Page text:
Resource Guarding in Dogs

resource guarding dogs

Have you noticed your dog growling and trying to snap at another dog, at you, or another member of the family when he is approached while eating or playing with a toy?

If so, he's resource guarding - a common behavior in dogs. While resource guarding is prevalent, it's not a behavior to take lightly. Ignoring this problem could result in a dangerous fight between your pets, or even put members of your family at risk.

Why Dogs Guard Resources

It is believed that resource guarding is common because when the ancestors of the domestic dogs lived in the wild, it was an adaptive behavior. Individuals that defended their food from others tended to eat more, live longer, and have more offspring.  This propensity to guard food and other resources was passed on to their offspring. While eating their daily meals is no longer a matter of life or death for domesticated dogs, that resource guarding instinct is still alive in certain individuals.

Avoid Punishment

Your first instinct may be to punish your dog to show him that his behavior isn't desirable. But that may lead to more tension, and a worse relationship for you, your dog, and any other dogs in the house. Instead, try to understand the situation and work from there.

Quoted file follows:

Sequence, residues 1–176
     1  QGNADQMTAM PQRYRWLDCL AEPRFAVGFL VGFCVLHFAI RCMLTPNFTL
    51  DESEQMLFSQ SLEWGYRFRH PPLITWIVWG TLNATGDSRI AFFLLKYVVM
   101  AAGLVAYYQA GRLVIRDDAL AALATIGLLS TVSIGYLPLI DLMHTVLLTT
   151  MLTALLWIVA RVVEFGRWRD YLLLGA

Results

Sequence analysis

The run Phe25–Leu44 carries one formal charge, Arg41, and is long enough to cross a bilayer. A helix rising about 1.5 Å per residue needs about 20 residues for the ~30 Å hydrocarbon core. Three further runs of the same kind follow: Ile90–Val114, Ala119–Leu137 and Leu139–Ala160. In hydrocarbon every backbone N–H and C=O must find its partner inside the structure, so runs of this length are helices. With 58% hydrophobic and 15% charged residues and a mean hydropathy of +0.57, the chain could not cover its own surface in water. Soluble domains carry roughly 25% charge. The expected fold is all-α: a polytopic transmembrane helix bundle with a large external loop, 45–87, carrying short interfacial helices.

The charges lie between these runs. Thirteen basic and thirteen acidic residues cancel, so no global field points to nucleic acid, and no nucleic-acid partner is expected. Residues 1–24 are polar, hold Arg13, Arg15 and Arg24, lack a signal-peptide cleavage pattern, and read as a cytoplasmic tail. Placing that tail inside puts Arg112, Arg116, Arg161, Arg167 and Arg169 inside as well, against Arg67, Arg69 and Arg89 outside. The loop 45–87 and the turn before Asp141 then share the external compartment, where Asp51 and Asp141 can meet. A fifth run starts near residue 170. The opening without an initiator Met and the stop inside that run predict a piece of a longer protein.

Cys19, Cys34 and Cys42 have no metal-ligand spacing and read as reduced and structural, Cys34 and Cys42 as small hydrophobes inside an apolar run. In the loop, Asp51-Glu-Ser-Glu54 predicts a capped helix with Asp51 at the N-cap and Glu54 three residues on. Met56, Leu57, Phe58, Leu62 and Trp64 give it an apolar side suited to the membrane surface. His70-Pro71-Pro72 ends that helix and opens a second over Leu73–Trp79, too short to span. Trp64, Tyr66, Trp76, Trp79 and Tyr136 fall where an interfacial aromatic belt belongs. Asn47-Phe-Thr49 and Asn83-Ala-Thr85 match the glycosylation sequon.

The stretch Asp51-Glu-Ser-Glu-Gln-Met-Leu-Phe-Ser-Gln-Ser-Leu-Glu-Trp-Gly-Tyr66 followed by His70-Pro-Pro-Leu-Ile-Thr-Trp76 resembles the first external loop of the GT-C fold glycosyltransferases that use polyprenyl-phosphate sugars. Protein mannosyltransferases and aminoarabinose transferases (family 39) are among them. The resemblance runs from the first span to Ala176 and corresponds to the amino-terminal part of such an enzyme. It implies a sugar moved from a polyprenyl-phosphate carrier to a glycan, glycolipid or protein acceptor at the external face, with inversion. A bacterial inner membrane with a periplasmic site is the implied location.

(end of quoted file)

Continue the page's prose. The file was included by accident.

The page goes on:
Develop a Management Plan

First, evaluate how generalized the situation is. Is your dog always trying to protect resources, or is he just protecting a specific toy or only during meal times? If the fights break out only around mealtime or when a certain toy comes out, a simple management solution may be the answer.

"A suitable management option may be to feed the dogs in separate areas or rooms of your home," explains Lindsay Wood, behaviorist at the Humane Society of Boulder Valley. "If tension occurs only when chewing special chew-bones or playing with a specific toy, the dogs should enjoy their individual toys or bones in separate areas and be reintroduced to one another only after all remnants of the bones have been finished and the toys removed." 

If the problem is more generalized or if the intensity of the guarding behavior is high, you may have to consult with a dog behavior expert.

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